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By Hannah Hoag
Nov 1, 2002 6:00 AMNov 12, 2019 6:39 AM


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Satellite-based radar images can reveal otherwise-imperceptible heavings of magma beneath Earth's surface. One group of researchers is using the technique to search for baby volcanoes in Oregon (see "A Volcano Is Born" by Karen Wright, Discover, December 2001), with uncertain results. But geophysicist Mark Simons of the California Institute of Technology has uncovered clear radar signatures showing that some allegedly dormant volcanoes in South America's Andes Mountains are alive and possibly dangerous.

Simons and graduate student Matthew Pritchard scanned the Andes using the European Space Agency's ERS1 and ERS2 radar satellites. "In a few orbits, we could survey hundreds of volcanoes," Simons says. He and Pritchard measured the distance between satellite and volcano by bouncing a radar pulse off Earth's surface; then they repeated the process on a later pass. Some volcanic regions thought to be dormant showed a distinct change in distance (seen as color fringes in the images at right), indicating that something—most likely a buildup of magma—had moved the ground from below. Simons is most excited about the results for Lazufre, a 20-mile-wide circular deformation on the border between Chile and Argentina, which is sinking about one inch a year. Lazufre may be a caldera, a cavern that feeds volcanoes with magma. "Calderas can collapse and produce enormous eruptions," says Simons. He and Pritchard plan to conduct a hands-on seismic survey at Lazufre to confirm that something big is brewing.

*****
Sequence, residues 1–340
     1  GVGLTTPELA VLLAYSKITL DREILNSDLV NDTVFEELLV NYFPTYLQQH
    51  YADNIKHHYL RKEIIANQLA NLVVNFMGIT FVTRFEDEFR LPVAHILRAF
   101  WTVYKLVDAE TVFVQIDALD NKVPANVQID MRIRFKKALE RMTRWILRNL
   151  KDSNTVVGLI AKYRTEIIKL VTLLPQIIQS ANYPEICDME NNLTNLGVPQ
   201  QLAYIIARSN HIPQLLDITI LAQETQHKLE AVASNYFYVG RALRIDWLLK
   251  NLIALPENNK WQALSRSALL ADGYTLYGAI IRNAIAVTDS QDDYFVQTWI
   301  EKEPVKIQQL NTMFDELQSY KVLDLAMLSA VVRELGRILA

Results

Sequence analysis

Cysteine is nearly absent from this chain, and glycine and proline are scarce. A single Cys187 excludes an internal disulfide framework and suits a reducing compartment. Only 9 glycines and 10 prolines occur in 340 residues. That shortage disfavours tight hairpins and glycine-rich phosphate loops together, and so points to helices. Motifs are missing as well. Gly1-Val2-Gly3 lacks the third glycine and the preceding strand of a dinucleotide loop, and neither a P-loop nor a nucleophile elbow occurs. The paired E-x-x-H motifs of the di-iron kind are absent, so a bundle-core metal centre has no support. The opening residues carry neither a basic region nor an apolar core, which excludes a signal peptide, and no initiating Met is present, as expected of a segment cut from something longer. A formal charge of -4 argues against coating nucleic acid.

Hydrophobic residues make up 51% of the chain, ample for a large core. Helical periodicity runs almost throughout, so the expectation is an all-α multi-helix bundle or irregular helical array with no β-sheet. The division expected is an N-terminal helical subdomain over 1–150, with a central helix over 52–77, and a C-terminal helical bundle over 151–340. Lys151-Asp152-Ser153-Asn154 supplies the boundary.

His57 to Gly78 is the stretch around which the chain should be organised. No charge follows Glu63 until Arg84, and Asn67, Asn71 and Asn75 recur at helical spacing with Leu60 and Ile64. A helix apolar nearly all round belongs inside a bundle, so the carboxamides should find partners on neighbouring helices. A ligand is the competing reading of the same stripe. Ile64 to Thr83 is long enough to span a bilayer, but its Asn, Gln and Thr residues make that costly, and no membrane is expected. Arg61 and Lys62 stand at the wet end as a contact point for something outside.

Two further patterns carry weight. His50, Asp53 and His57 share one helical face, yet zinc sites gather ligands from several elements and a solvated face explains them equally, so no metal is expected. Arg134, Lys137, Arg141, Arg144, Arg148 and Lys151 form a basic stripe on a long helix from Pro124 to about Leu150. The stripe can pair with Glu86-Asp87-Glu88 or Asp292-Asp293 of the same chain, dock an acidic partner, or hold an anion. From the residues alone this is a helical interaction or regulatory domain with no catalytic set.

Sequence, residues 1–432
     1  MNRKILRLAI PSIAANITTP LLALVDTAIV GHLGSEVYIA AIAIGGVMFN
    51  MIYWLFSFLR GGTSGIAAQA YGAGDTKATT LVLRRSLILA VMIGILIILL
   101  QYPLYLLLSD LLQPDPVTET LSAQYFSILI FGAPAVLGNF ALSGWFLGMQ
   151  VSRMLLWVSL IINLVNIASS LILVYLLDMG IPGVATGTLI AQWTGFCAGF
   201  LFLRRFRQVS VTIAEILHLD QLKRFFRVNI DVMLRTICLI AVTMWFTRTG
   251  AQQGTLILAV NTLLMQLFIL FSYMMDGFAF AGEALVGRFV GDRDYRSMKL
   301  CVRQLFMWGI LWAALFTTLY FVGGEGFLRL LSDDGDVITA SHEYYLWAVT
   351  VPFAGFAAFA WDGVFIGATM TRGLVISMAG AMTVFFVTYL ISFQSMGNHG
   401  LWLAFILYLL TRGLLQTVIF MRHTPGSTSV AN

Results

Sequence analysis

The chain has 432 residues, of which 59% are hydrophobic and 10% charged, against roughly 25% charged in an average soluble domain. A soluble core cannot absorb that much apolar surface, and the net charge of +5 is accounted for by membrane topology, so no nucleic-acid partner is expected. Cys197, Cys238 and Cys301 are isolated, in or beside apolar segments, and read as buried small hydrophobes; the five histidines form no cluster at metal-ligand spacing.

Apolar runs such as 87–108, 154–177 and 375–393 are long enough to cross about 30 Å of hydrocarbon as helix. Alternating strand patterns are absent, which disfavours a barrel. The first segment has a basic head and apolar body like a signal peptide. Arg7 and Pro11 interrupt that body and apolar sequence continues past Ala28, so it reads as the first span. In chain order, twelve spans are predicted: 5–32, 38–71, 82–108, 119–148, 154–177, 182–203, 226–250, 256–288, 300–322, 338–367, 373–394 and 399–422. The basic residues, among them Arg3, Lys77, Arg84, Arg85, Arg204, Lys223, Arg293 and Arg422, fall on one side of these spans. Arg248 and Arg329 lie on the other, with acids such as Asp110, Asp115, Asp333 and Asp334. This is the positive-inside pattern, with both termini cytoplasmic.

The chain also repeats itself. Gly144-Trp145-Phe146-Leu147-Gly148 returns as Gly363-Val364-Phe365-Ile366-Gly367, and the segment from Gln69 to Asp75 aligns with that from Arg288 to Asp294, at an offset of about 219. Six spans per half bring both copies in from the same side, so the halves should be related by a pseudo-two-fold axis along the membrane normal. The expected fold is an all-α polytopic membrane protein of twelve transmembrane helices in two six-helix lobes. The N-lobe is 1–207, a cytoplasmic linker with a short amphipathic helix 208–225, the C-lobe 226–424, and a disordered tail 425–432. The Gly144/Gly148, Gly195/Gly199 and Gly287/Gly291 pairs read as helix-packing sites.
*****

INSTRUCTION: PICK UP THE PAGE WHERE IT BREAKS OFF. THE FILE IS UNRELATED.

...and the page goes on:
Photograph courtesy of Matthew Pritchard/ESA (3).

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